March 13, 2007

bpNichol’s First Screening Screens Again

by Nick Montfort · , 1:23 pm

A three-year project by Jim Andrews, Geof Huth, Lionel Kearns, Marko Niemi, and Dan Waber has come to fruition. The result is that an important set of early digital poems is available once more; the editors, also, have saved the original bits and made the running work available in several emulated, ported, and recorded ways, setting a powerful example for future preservation and porting of digital art, games, and poetry.

code fragment from First Screening

In 1984, bpNichol published a collection of Apple II poems on floppy, in an edition of 100. This First Screening is now available once more on the Web, in a multiplicty of formats: a disk image with the bit-for-bit contents of the floppy issued in 1984; a JavaScript version by Marko J. Niemi and Jim Andrews; a Quicktime movie of the disk image running in emulation; and an earlier Hypercard port published by Red Deer College Press.

While the disk image is labeled the “emulated version,” you don’t have to run the image in emulation. Using Apple Disk Transfer, ADTWin, or a similar program, you can write a real Apple II floppy with the bits on the image and then run it on authentic hardware. Such hardware may be scare, of course, but it’s far easiler to come by than one of bpNichol’s 100 first-edition floppies. I’m planning to suit First Screening up in an Apple II and let it run at some point … but I have this deadline to attend to before I work on that …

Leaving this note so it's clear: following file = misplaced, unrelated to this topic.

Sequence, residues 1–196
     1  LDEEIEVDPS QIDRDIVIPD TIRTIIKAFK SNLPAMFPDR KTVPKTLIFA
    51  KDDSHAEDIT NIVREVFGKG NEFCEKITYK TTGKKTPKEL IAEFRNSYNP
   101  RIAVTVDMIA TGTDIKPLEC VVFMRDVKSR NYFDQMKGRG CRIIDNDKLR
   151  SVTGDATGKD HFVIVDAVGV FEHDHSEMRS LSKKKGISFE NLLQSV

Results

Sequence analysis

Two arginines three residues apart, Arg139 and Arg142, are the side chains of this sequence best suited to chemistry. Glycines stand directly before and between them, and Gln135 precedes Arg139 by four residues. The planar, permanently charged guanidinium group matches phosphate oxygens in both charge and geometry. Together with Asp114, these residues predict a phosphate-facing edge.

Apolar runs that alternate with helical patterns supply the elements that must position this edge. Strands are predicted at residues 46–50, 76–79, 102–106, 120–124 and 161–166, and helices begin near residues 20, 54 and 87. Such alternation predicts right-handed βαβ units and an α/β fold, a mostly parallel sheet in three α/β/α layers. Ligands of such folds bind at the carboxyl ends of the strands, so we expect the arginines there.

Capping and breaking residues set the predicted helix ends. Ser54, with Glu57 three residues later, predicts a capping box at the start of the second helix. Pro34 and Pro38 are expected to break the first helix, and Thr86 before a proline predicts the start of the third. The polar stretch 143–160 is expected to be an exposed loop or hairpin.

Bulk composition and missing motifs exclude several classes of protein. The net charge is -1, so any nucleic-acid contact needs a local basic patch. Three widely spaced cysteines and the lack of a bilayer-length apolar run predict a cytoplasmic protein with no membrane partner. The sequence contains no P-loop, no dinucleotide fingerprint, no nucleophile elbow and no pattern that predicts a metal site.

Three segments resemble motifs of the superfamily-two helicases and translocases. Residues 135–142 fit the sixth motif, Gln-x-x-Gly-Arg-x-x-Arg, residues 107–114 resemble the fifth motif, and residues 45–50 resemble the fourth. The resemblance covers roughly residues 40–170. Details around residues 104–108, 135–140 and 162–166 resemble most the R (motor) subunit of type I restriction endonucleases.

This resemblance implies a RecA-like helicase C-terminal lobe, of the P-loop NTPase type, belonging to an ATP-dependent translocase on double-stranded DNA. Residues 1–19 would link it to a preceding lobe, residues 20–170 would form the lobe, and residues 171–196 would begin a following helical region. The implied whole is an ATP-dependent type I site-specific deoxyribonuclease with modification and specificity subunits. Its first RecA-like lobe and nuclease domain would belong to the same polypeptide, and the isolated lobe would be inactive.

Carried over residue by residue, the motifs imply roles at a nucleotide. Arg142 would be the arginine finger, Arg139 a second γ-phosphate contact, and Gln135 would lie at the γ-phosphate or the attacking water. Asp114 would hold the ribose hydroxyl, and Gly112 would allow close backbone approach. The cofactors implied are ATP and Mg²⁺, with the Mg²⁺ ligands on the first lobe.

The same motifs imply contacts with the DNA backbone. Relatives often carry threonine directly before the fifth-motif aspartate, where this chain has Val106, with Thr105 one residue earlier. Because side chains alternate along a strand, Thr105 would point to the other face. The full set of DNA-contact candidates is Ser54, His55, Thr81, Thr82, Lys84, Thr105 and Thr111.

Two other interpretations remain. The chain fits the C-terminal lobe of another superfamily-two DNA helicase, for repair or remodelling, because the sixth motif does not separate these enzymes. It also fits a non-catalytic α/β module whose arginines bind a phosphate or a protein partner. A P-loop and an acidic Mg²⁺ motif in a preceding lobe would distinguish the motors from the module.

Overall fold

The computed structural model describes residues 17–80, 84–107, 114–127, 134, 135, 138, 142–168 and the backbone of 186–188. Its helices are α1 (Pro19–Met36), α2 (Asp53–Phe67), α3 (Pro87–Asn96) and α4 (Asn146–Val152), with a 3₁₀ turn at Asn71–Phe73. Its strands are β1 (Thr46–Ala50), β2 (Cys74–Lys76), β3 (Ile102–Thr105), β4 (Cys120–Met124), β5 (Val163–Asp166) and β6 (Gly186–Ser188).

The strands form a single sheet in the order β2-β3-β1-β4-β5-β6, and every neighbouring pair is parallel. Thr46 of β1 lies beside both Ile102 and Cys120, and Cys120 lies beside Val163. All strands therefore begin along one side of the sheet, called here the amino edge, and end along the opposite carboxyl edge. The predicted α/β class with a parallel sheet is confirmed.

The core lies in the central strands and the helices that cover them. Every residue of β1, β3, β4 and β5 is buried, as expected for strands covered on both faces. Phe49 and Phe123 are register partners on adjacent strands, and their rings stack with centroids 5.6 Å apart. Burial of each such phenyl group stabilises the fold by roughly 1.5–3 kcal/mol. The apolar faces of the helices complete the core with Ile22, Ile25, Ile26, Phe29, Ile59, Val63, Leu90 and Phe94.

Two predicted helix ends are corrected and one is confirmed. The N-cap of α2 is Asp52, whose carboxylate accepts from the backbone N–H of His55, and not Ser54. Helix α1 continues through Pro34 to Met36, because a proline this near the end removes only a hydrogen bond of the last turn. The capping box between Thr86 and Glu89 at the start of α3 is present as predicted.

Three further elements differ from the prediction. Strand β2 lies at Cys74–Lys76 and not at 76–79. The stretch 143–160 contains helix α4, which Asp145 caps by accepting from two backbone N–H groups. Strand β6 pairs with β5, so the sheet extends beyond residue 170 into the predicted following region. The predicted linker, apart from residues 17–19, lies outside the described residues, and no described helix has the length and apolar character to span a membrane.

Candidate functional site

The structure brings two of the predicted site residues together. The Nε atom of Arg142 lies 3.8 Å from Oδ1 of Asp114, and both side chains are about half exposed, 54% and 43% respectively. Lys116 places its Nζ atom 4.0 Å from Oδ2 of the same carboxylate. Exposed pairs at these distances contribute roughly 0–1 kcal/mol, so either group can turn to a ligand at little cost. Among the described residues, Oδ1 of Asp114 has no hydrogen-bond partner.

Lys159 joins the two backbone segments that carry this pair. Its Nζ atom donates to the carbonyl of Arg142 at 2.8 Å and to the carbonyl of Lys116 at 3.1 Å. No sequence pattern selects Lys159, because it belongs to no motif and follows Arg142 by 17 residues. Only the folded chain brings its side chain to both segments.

One Response to “bpNichol’s First Screening Screens Again”

  1. josh g. Says:

    Very cool. I love how the use of old-school functionality gives it a sense of purely textual playfulness despite making use of animation. There’s no messing around with funky typefaces, no clicky, just letters plain and simple.

    And it totally captures the guilty fascination that probably everyone had when programming in Basic: to force the computer to write thousands and thousands of lines for you, like some kind of after-school punishment, just because it can.
    20 GOTO 10

    Favorite moment: “THIS POEM SAT DOWN TO WRITE YOU”

    I wished there was a pause button while viewing the Javascript version. This isn’t a complaint so much as an observation – is this a desire I bring back anachronistically from what I now expect from digital media, or am I just looking for the ability to set the book down and come back to it later?

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